In computer security
of software systems
, an important issue is the design of error messages in a way that prevents security vulnerabilities. This aspect of software security has only recently begun to receive increased attention. Some of the primary recommended design principles include:
- When asking a question, give the user enough information to make an intelligent decision. Otherwise, for lack of information, they will choose the choice that allows them to make progress, often resulting in compromised security.
- Don't give so much information that the user is overwhelmed or confused and so unable to make an intelligent decision. If this additional information is sometimes useful for debugging or advanced diagnosing, either hide it by default, log it in a separate location, or require special privileges to view it.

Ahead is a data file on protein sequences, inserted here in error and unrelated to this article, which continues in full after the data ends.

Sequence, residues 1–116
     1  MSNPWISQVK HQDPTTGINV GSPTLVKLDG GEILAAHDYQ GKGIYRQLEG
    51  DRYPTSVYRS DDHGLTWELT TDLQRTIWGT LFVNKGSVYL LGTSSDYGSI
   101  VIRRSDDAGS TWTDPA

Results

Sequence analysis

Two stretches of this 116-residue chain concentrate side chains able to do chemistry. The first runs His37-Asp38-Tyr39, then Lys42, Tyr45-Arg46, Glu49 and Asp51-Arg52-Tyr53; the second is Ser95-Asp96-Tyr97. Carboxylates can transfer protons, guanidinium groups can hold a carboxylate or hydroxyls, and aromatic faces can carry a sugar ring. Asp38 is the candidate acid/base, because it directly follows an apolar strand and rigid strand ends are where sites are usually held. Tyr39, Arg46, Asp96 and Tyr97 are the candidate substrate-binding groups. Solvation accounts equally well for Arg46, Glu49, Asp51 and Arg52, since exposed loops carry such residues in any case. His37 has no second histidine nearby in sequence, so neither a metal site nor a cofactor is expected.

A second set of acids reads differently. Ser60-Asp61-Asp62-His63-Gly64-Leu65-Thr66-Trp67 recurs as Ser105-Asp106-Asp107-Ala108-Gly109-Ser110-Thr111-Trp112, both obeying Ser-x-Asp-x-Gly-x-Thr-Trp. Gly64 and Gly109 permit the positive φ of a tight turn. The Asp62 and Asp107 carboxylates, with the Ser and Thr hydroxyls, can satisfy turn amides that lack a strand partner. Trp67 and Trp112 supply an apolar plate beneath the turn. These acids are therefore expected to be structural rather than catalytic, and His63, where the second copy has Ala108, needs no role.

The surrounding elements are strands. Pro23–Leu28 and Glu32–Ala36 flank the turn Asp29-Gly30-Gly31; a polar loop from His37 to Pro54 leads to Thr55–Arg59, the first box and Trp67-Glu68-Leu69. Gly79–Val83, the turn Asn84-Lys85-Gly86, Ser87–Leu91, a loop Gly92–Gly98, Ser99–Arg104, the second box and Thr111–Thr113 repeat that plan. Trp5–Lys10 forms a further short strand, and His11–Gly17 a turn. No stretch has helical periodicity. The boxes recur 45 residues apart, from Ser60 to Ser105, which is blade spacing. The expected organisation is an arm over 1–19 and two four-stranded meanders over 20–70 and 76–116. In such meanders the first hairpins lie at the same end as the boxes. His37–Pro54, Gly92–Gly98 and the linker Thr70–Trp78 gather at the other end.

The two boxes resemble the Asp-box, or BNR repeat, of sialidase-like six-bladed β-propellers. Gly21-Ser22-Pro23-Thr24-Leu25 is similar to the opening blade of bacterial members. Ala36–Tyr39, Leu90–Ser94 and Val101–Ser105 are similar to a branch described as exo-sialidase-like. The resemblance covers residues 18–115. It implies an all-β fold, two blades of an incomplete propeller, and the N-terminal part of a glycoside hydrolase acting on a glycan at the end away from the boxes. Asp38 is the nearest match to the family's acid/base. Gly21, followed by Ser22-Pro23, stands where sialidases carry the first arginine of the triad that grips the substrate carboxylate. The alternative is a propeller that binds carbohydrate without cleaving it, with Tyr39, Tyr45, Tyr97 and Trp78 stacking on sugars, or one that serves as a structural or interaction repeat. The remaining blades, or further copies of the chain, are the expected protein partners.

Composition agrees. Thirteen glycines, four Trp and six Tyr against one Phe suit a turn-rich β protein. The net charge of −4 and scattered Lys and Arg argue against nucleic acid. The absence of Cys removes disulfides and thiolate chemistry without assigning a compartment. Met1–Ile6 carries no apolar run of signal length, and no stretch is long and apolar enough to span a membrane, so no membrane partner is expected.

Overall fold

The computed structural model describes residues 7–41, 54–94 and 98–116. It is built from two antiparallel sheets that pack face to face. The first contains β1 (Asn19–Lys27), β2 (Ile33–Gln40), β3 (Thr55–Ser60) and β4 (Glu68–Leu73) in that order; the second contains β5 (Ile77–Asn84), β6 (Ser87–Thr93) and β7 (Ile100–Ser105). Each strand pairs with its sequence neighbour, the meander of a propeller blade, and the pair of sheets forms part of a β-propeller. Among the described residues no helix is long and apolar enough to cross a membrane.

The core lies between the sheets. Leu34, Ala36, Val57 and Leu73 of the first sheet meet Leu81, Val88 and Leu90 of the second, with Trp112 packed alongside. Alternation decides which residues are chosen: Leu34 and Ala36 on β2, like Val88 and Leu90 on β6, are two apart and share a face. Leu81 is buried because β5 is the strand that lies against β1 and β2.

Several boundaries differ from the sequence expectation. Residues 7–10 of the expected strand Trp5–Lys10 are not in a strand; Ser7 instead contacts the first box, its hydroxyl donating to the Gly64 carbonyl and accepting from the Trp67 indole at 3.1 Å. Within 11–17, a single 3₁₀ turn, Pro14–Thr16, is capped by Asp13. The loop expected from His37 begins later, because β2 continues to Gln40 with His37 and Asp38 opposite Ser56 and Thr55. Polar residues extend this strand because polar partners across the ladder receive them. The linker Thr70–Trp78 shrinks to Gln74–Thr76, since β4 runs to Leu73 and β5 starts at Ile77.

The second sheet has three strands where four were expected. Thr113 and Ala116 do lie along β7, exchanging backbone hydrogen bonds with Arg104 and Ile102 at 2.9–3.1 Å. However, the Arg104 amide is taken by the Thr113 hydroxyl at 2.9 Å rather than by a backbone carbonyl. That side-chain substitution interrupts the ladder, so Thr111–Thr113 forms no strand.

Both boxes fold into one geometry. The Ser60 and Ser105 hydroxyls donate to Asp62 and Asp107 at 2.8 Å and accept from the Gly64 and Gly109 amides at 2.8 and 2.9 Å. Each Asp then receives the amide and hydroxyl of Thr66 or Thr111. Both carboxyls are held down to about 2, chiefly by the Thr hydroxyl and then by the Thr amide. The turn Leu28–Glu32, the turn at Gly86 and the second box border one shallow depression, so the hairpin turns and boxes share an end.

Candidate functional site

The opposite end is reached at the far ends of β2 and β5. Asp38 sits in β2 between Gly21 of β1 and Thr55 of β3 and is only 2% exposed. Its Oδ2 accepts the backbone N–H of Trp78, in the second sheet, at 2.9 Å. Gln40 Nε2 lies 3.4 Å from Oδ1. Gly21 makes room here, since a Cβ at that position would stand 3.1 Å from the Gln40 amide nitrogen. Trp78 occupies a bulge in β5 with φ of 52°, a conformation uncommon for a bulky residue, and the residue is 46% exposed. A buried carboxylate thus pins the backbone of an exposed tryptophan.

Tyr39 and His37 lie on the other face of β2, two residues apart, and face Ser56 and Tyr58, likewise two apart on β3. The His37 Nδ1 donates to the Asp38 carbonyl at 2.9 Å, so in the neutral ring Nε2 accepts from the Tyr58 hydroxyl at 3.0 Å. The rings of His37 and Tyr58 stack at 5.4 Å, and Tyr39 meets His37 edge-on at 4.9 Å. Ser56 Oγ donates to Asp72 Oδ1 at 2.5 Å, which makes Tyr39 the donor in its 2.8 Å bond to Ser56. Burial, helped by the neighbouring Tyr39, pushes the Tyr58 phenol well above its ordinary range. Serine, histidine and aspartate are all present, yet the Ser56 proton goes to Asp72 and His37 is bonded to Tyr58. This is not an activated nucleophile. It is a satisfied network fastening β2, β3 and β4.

- Don't give error messages that could be exploited by a hacker to obtain information that is otherwise difficult to obtain. Again, if this information is useful, log it in a separate location or strictly limit access to it. A commonly-cited example of this is a system that shows either "Invalid user" or "Invalid password" depending on which is incorrect. This allows an attacker to determine a valid username without knowledge of any user passwords, and so is considered by some to be less secure. Another common example is the IIS 5.0 web server's error page, which features a complete technical description of the error including a source code fragment.